“Most schools are already dealing with issues regarding porn and (cyber) bullying,” Ortiz said. “We have not this year.”

Protecting kids from online dangers, keeping them focused on academic work and allowing them the freedom to “be kids again” without the sense that every interaction could end up circulating through school in a social media post — all are positive outcomes of cell phone policies like Nolan’s.

But for Nolan, which is a Catholic institution, the cell phone policy also serves a higher purpose. It creates an atmosphere conducive to pursuing what is true, beautiful and good.

“We don’t want our children changing their behavior only due to external factors,” Ortiz said.

Prohibitions help reduce distractions, but motivating kids to want to do good for its own sake takes something a bit more, something a bit harder to pinpoint.

But if Nolan’s cell phone policy success is any indicator, the school is well on its way to achieving that goal.

Cynthia M. Allen is a columnist for the Fort Worth Star-Telegram. Her email address is [email protected]

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French feminist rabbi captivates multi-faith crowds with thoughts on mortality

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As Paris was locked down for Passover, a rabbi began holding weekly Zoom chats about Jewish texts. Thousands of people tuned in to hear his thoughts on death. “He’s my rabbi,” said an atheist.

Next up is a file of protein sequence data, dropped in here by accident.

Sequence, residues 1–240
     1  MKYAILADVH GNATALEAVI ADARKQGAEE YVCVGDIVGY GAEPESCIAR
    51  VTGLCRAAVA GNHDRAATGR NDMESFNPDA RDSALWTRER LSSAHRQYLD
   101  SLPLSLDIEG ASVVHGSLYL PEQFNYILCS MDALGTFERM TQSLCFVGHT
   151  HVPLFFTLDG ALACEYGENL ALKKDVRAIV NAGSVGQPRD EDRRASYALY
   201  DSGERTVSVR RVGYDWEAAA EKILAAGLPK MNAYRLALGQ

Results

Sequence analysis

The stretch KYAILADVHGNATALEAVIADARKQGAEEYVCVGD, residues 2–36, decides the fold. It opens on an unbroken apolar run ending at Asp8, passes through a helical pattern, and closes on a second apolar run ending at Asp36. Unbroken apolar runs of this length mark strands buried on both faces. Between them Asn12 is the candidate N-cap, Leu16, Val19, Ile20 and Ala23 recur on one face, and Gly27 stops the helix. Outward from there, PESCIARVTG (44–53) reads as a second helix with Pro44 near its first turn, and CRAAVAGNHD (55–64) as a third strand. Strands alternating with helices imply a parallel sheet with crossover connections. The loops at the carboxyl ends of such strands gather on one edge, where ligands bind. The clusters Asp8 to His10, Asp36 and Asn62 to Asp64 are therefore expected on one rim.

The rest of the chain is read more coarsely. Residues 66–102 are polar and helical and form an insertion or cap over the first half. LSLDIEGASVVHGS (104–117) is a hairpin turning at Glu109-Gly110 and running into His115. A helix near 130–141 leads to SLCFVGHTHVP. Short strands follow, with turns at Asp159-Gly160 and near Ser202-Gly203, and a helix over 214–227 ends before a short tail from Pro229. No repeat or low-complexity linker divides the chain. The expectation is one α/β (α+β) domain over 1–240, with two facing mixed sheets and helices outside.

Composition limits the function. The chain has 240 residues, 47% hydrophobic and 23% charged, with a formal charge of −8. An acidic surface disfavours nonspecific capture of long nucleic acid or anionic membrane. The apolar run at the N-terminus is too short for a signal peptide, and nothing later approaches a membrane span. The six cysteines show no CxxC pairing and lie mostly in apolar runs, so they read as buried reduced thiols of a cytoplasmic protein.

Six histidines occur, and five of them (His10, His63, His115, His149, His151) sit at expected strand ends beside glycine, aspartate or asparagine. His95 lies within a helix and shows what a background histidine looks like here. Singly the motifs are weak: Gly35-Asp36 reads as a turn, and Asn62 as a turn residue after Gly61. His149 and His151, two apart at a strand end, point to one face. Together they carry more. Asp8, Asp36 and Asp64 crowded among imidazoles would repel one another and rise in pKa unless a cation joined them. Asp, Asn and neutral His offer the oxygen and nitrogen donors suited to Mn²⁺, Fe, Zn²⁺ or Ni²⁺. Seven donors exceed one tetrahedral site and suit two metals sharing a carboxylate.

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Ravens rookies take center stage more quickly than expected with injuries to key veterans mounting

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Ravens Rookies Take Center Stage More Quickly Than Expected With Injuries To Key Veterans Mounting
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In the seconds after Marcus Peters cradled the ball within inches of the sideline, Kyle Hamilton let loose a roar from deep inside. A “primordial scream” Ravens coach John Harbaugh called it.

Hamilton had spent the previous week answering for his football sins, mental and physical, in a Week 2 collapse against the Miami Dolphins. When the rookie safety saw New England Patriots wide receiver Nelson Agholor break free on a potential go-ahead scoring drive in Week 3, he knew he could not let it happen again. So Hamilton chased Agholor down, and with a violent swipe of his arm punched the ball Peters’ way. It turned out to be the decisive blow in a hard-fought 37-26 road victory.

“That’s a play not too many people make,” Harbaugh said a day later.

If Hamilton, the first player selected in the Ravens’ 11-member draft class, goes on to a decorated career in Baltimore, this forced fumble might go down as his opening statement. It was a loud moment in a collective story that’s gaining momentum as Ravens rookies leap into the deep end of the pool a few weeks into their NFL careers.

Center Tyler Linderbaum, defensive tackle Travis Jones, offensive tackle Daniel Faalele and punter Jordan Stout could all start Sunday against the mighty Buffalo Bills, with Hamilton, tight end Isaiah Likely and cornerback Damarion “Pepe” Williams also expected to play significant roles. Cornerback Jalyn Armour-Davis could also play, though he was pulled after a rough start against the Patriots. Only injured outside linebacker David Ojabo and tight end Charlie Kolar and practice squad running back Tyler Badie will not factor in the Ravens’ game-day calculus.